In season one we are introduced to these characters, all of whom seem to be on a reactionary course instigated by Maura coming out. Maura is pretty self assured, so in a way season one is more about the other family members accepting her for who she is. It sets the groundwork for characters who are starting out on journeys of self discovery, with what is a ultimately a ‘doing it for me attitude’. Sarah, after rekindling an old love affair with ex-girlfriend Tammy, divorces her husband and by the end of the series is engaged to Tammy. She is also excluded from school committees, shunned by her friends because of her actions and gives her ex husband a blowjob at a family party (???). Josh is in love with a (much younger) girl who becomes pregnant, then gets an abortion without telling Josh. He then proceeds to creep her the fuck out by stalking her and screaming at her, he then grieves briefly and moves onto his next conquest – Rabbi Raquel. They get together, and within about five minutes Josh is in love again.
Ali goes on a rollercoaster ride of sex, drugs, threeways and eventually has a very odd relationship with a trans-man (unsure of exactly how much of their relationship is real or not), and becomes deeply unhappy about the imminent death of her mother’s boyfriend – Ed. So, there’s a lot going on here. Maura’s ex-wife (Shelley) features in season one as well, revealing to the kids that she has known about Maura’s identity for a very long time. Maura doesn’t have much to do in season one. She wears her beautiful kaftans, moves to a gated condo community and befriends Davina. She has moments of self acceptance, and moments of heartbreaking sadness, but I really wanted for her to have her own storyline in season two. I wanted to see her friendship with Davina develop and grow. I wanted to see her become independent from her horrible selfish children who seem intent on destroying their own lives, and everyone else’s along with them.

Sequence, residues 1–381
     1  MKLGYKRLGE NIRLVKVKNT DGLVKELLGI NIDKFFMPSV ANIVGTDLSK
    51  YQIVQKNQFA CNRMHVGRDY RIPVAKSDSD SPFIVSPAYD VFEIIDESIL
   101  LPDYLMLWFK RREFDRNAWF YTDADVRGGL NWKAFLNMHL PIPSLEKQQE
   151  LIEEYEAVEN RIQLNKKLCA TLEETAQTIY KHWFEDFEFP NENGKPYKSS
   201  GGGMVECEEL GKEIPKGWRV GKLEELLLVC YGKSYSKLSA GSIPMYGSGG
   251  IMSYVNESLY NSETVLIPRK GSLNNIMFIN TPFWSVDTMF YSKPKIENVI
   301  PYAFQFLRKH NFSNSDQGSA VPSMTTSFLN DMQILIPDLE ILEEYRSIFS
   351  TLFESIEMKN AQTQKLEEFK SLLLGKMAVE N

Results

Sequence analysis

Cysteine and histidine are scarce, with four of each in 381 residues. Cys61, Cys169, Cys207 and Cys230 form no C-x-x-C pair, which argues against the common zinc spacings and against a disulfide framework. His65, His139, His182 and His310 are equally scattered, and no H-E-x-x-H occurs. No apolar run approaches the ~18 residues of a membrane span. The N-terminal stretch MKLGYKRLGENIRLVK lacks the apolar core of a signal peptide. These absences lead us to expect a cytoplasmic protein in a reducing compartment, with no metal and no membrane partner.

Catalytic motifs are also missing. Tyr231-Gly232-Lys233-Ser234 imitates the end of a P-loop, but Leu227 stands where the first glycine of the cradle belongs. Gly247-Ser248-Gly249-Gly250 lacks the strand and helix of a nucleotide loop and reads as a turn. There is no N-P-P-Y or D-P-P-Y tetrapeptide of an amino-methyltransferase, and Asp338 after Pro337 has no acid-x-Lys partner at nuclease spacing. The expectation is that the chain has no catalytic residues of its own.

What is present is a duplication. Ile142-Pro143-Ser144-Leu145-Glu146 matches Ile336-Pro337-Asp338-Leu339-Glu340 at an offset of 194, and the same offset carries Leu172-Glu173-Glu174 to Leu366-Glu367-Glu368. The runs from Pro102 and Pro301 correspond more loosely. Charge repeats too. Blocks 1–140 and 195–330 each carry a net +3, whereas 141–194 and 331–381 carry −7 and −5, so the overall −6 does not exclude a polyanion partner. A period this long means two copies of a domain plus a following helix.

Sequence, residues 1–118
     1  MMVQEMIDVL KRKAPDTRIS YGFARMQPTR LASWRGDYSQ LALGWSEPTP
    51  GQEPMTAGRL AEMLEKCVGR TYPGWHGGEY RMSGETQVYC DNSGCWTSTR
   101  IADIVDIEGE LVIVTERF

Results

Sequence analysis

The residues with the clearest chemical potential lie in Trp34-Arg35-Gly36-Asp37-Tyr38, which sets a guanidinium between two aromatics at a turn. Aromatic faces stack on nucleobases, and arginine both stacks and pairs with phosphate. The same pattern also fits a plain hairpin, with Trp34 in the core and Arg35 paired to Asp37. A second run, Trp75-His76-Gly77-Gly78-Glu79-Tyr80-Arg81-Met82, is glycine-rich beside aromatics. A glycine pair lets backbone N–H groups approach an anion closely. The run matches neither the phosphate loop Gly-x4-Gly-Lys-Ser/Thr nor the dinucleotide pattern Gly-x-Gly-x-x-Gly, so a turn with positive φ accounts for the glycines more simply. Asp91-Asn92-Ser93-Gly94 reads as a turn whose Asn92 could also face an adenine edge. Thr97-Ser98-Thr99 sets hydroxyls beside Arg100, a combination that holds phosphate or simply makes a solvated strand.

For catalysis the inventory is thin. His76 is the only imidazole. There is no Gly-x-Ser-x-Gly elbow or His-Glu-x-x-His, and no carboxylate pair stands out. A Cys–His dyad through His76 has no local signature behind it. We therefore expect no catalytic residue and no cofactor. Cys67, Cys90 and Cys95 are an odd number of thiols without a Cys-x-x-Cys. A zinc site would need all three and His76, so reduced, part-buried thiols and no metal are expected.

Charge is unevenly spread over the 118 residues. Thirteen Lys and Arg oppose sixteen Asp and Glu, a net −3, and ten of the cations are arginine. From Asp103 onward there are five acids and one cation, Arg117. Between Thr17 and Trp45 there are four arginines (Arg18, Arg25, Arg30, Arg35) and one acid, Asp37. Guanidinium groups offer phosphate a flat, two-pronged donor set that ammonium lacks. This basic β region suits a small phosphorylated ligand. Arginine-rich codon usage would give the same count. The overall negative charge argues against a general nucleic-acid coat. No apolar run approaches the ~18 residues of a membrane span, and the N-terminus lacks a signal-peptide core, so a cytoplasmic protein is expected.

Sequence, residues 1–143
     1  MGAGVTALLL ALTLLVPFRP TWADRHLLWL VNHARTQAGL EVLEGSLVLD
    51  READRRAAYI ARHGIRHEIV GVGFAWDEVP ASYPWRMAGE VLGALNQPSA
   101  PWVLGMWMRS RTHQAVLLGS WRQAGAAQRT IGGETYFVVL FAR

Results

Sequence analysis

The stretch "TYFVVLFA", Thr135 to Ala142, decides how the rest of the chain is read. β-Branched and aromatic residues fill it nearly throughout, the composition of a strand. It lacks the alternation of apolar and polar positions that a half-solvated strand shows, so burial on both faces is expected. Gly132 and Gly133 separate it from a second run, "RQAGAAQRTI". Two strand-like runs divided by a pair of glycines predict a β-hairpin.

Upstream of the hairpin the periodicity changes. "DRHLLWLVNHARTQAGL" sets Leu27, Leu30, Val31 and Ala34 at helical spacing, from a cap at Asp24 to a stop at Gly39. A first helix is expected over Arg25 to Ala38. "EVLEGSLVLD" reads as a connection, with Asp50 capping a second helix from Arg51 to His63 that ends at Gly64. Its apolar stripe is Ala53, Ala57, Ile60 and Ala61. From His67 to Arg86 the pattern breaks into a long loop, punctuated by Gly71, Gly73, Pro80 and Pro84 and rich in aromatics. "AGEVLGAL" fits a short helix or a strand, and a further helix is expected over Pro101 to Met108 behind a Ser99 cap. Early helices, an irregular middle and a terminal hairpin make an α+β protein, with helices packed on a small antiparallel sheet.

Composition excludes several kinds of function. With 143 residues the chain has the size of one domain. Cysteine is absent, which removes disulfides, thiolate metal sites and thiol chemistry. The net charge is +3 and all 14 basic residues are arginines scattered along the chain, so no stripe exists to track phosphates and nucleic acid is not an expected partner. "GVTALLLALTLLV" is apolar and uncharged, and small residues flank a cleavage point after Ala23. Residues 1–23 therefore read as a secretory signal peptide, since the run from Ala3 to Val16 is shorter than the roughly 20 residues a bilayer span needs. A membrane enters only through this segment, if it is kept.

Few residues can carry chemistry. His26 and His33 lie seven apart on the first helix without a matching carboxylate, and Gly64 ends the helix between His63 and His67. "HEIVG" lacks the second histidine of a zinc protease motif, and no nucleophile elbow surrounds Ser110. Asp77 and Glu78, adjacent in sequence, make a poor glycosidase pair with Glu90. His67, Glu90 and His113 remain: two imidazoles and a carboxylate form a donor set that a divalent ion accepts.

I dove into season two with few expectations, mainly just hope that these characters might turn to each other for guidance and not continue to be selfish/irritating human beings. Don’t get me wrong, that’s half the enjoyment of Transparent, watching people who are downright selfish. It’s not always sunny, and you don’t always do the right thing. That is perhaps the mantra of season two however – doing what makes you happy isn’t always the best idea (articulated perfectly by Spencer Kornhaber).
For as much as I loved Transparent’s first season, I couldn’t help but slowly (but actually quickly because I watched it in four days) fall out of love with it. I started seeing issues, things that became so problematic that I didn’t want to watch these people anymore. Still, I kept on. It’s still beautifully shot, there are still moments of genuine emotion and gut-wrenching dialogue (Carrie Brownstein for one) and there are still things to be uncovered. For the most part though, I was disappointed. The narrative arc of season two revolves once again about the three adult-children of the family; Sarah has a manic depressive breakdown after calling her wedding to Tammy off, Josh discovers he has a son whilst simultaneously destroying his relationship with Raquel after she loses their baby and Ali wanders around having weird ‘visions’ of pre WW2 Germany and decides that she is actually queer after meeting a radical feminist.
And Maura? The highlight of season two for me was the conversation between Maura and Davina which sadly results in their friendship being no longer. Maura attempts to give Davina some advice about her lover Sal, to which Davina responds that not everyone has the privilege that Maura has had (meaning financial stability, a supportive family). It was such an important conversation to have on-screen. There is an assumption that all trans people have the same experience, live the same life but we need to be reminded that everyone’s journey is different. Sadly, the result of it means that Davina was almost non-exist in the second half of season two which was a real shame – she was one of the best characters on the show.